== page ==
Please use article provided or pick a journal article of your choice relating to the Human Resources field study and critique. Ensure article is not more than two years old.
The object of your critique is to describe how the study followed or failed to follow the criteria for good research. Speculate on which of the writer's conclusions were warranted and which were not. Please include the following topics in your critique of the selected research article:
-Problem or objective
-Population sampling for study
-Data collection methods and analysis
-Limited and justifiable conclusions
. If possible use Exploring Research (seventh edition) by Neil J. Salkind as a reference
Article for Critique:
(c) 2010 Dow Jones & Company
, Inc. Reproduced with permission of copyright owner. Further reproduction or distribution is prohibited without permission.
For a case study in the volatile life cycle of information-based companies
, the news last week of a planned sale of insurance operations in Asia may not sound as compelling as forecasting the next revenue stream from Facebook or divulging the technical specs of the iPad.
But the company
founded in Shanghai in 1919 as American
Asiatic Underwriters was built on the then-rare premise that better information was the key to better business. Over time, it became the biggest insurance company
in Asia and a global powerhouse--until it grew so large and complex that it didn't have enough information to control its own risks.
Asiatic Underwriters is better known by the name of the company
it became, AIG. AIG got the biggest bailout of a private company
after its financial products group got caught in the credit crunch of 2008. AIG's colorful story deserves telling now that it has to sell its original business--and its only apparent growth driver--to pay back taxpayers. Prudential has offered $35.5 billion for AIG's Asian operations.
AIG is a rare large American company
founded and largely grown elsewhere. Founder Cornelius Vander Starr was the first American
to start a company
in China that became a global success. His original inspiration, almost a century ago, was the insight that as people live longer, policyholders outlive actuarial life expectancies, lowering insurance claims. His was the first foreign company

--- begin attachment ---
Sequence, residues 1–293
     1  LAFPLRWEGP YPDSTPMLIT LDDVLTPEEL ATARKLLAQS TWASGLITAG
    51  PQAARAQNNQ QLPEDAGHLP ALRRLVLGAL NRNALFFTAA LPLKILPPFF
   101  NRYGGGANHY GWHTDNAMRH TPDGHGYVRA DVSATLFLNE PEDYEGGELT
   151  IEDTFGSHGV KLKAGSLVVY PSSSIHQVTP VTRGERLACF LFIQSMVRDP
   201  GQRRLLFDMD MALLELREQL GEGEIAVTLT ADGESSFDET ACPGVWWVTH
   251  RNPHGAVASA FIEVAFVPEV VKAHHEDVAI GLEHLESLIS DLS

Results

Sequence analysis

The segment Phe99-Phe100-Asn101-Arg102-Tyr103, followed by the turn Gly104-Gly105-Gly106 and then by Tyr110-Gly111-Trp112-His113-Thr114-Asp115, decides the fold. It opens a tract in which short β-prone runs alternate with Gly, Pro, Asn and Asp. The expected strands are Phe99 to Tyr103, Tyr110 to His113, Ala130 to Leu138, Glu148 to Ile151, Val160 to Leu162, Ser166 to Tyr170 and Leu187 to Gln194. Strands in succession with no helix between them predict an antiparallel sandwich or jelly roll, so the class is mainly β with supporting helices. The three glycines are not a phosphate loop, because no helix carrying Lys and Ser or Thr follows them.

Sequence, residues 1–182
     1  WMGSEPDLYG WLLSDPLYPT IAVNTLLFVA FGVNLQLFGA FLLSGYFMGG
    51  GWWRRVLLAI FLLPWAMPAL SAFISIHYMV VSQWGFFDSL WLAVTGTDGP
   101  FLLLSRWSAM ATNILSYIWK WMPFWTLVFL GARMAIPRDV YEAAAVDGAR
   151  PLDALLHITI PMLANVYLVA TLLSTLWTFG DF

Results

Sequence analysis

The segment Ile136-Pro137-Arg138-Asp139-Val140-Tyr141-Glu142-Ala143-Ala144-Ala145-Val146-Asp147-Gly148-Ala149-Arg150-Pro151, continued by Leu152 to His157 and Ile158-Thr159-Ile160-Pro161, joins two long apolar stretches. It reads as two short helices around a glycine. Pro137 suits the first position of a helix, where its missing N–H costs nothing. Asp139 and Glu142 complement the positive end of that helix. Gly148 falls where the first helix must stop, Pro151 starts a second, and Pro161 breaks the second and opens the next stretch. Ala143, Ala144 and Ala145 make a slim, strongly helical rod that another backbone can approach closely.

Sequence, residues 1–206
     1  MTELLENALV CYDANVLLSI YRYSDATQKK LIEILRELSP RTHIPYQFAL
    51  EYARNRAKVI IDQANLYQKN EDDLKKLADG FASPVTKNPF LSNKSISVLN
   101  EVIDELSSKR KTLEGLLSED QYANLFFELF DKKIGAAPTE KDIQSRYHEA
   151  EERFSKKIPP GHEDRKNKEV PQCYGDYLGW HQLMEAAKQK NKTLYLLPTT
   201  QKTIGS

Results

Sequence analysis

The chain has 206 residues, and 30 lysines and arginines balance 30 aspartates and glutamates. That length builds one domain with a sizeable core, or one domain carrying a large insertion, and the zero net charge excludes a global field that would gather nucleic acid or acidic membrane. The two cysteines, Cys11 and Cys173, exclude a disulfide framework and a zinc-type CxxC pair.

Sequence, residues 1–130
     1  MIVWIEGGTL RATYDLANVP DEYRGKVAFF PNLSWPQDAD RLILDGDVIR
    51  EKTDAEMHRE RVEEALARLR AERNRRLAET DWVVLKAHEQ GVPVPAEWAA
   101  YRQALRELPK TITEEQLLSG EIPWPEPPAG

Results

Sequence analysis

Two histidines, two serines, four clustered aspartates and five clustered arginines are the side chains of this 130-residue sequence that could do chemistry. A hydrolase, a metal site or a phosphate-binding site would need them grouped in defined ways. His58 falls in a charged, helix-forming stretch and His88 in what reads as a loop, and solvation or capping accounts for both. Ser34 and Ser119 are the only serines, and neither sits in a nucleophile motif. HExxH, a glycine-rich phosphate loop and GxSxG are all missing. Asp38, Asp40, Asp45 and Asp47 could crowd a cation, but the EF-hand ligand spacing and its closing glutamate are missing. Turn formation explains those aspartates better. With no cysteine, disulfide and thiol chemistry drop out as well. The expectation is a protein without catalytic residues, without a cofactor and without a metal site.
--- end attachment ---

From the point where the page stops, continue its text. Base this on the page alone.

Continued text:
to sell life insurance to the Chinese.
In 1935, Starr was featured in Fortune magazine for having profits estimated to be as large as any U.S.-based insurer. "This money is earned upon a sociological premise, that the standards of living and hygiene of the Chinese middle classes are improving, with a consequent decline in the death rate," Fortune explained. "Indeed, since Chinese statistics are all but nonexistent, the success of Mr. Starr's American
Asiatic Underwriters . . . is perhaps the best available proof that the death-rate decline in China is a reality."
didn't always make the right call. At first, Starr thought that Mao and the communists would leave freewheeling Shanghai alone. Instead, his managers were jailed and company
property was confiscated.
were wrung dry like dishrags until we had lost everything," his country manager, Charles Miner, told Time magazine in 1956 when he managed to escape the country after bribing communist officials.
Still, the company
went on to develop a specialty in risk analysis and was a pioneer in the creation of insurance products to limit political risk. These included policies to protect companies
against expropriation and the risk that their currency could no longer be converted due to changes in government rules.
Former AIG executive Ron Shelp recalls how he created a unit to compete with the U.S. government's Overseas Private Investment Corp. by selling insurance focused on political risk. The company
gathered data "to insure a wide assortment of risks--from a baseball team wanting protection against rainstorms to the cargo of a Czech ship carrying refugees from Vladivostok to Europe," Mr. Shelp writes in his book "Fallen Giant."
Starr's successor, Maurice "Hank" Greenberg, helped reopen China, where he was a frequent visitor in the 1980s as economic reform began. He bought from an art dealer the original carved doors that had been part of the Summer Palace in Beijing, then donated them to China.
AIG was eventually accepted as such an old friend of China that in 1998 it was allowed to return to its pre-Mao headquarters in Shanghai.
Mr. Greenberg had the foresight and diplomatic skills to help return capitalism to China. But when then-New York Attorney General Eliot Spitzer went after Mr. Greenberg on an alleged accounting violation, the AIG board felt obliged to toss him out in 2005. Mr. Spitzer never did file criminal charges against Mr. Greenberg and the charges at the heart of a civil case lodged against the man who led AIG since 1968 were eventually dropped.
Opinions differ on whether or not he could have prevented the later enormous losses in the company
's financial products group. The group badly underestimated the collapse of asset-backed securities in the fall of 2008--a fatal failure to understand risk.
Ironies abound. A company
built on taking prudent risks was upended through imprudent risk taking. A company
that sold policies to protect against expropriation overseas was taken over by Washington. A company
with entrepreneurial roots in prewar Shanghai ends up owned by a risk-averse U.S. government willing to sell prime assets such as the Asian operations.
Meantime, Mr. Greenberg now runs an insurance company
called C.V. Starr & Co., which has been hiring former AIG executives. Its headquarters are in New York, but field offices include Hong Kong, Beijing and Shanghai.
Credit: By L. Gordon Crovitz
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